At this time of year, I’m always on edge when I see ambulances flying past with blue lights and sirens. Only last year I happened to be a passenger in the front of a speeding ambulance on the way to hospital as my Dad struggled in the back with his breathing having succumbed to a severe deterioration of his illness. Knowing what it’s like to sit for hours on a plastic chair, listening to beeping machines, surrounded by various medical staff whistling in and out and all the while being intimidated by the surroundings of the Resuscitation room and all the equipment, I can’t help but feel an intense sorrow that someone else may be about to go through the very same experience.
No one wants to be in hospital for any reason other than having a baby. A hospital speaks of pain, of anguish, of upset and for anyone who doesn’t need to be there, it is an experience that can feel as if a bag has been upturned and all your belongings are thrown to the floor in the dark, scattered without a trace whilst you fumble to pick up the pieces. Last night would be the first time I’d return to the hospital without it being related to Dad, and my feelings are mixed between upset of the reminder but also a strange feeling of nostalgia that the closeness we shared in attending appointments and check-ups is something that can never be returned.
In the grand scheme of things, everything is okay. No injuries are serious, no one is in any great pain and all it will take is some time to heal and a bit of caring on my part, which I’m no stranger to. In an odd and almost macabre way, I’m going to relish feeling a purpose to have to look after someone. Thankfully, the surroundings we’re dealing with are very different, there are no desperate claws for oxygen equipment and the medical staff are much more efficient and aware of the speciality they are working with. Unfortunately for Dad, when he was admitted to hospital, especially once his illness had deteriorated quite rapidly, there was a lot of added agitation due to staff not being fully prepared or willing to adapt to his needs. And it pains me to think that things may not have changed.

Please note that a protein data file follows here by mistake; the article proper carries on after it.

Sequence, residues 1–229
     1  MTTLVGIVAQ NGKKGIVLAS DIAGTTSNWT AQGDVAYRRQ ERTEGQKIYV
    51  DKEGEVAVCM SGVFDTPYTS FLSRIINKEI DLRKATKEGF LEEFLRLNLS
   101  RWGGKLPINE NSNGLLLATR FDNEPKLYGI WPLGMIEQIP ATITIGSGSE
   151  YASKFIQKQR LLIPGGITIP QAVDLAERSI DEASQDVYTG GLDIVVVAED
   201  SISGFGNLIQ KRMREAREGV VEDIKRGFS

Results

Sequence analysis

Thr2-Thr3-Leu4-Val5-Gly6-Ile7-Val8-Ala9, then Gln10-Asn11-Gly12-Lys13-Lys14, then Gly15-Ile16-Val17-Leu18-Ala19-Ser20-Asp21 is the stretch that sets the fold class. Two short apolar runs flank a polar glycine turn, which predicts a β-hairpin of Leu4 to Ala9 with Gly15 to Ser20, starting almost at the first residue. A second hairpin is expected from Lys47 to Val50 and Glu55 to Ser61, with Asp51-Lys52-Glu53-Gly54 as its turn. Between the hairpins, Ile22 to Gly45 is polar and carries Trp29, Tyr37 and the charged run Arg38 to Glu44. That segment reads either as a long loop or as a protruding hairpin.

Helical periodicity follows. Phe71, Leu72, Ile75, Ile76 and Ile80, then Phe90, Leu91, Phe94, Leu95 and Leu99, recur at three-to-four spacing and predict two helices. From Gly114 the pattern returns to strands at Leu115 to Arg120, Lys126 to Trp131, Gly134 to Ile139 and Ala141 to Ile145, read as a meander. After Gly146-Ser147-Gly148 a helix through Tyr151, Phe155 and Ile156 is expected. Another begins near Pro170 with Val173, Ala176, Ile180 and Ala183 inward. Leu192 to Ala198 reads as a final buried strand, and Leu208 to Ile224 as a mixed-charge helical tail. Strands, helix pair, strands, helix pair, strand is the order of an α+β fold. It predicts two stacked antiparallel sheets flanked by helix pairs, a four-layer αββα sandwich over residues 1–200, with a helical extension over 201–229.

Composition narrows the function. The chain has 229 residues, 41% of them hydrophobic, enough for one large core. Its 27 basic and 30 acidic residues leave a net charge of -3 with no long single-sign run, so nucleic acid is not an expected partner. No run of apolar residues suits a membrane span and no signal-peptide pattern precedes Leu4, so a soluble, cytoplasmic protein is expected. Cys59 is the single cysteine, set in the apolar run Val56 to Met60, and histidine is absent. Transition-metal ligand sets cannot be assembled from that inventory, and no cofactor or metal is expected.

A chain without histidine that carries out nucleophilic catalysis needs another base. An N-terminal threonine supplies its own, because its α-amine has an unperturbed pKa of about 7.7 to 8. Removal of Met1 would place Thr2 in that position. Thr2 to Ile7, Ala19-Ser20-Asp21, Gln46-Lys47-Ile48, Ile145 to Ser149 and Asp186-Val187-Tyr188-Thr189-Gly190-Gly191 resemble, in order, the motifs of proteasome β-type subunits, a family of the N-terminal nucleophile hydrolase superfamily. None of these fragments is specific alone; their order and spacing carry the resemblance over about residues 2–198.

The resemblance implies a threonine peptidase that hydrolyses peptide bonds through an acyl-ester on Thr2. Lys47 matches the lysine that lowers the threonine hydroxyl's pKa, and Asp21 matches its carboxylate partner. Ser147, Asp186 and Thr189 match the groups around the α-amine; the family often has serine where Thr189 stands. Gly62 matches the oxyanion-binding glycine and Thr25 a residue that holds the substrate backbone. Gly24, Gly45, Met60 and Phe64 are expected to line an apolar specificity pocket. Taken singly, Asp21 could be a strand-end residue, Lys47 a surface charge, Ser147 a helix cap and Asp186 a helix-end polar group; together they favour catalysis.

What is striking to me is having to confront the reality of what A&E departments are having to face. An endless array of patients being admitted with increasing complexities of illness whilst a skeleton set of staff are fighting an ever-increasing fire that is rapidly falling out of control. Yet they power on with exquisite efficiency, the upmost care for their patients and no essence of how much they might be desperately paddling their flippers underwater to stay afloat. You see the news outlets forever circling the NHS like vultures as its left to rot, but no one can account for its true state unless they live and breathe it or have to deal with the system in their own agony.
For my Dad, the moment he was diagnosed with IPF, he was facing a losing battle. The disease has little awareness and a dismal prognosis that would be the death of him within two years. The NHS was never going to win, all they could do was provide comfort and care, and most importantly of all, hope. Looking back, the one thing I’m so grateful for was that my Dad, despite his pain, was the hope that a miracle could happen at the hands of the incredible NHS staff who tirelessly fought for his quality of life. That although his illness was progressive, there always seemed like another option and there was always somebody who sat and listened to him in his hour of need. Maybe, it’s time we turn the tables and give the NHS what it has always given us, that feeling of hope despite decay and all the more, the opportunity to genuinely listen in their time of need.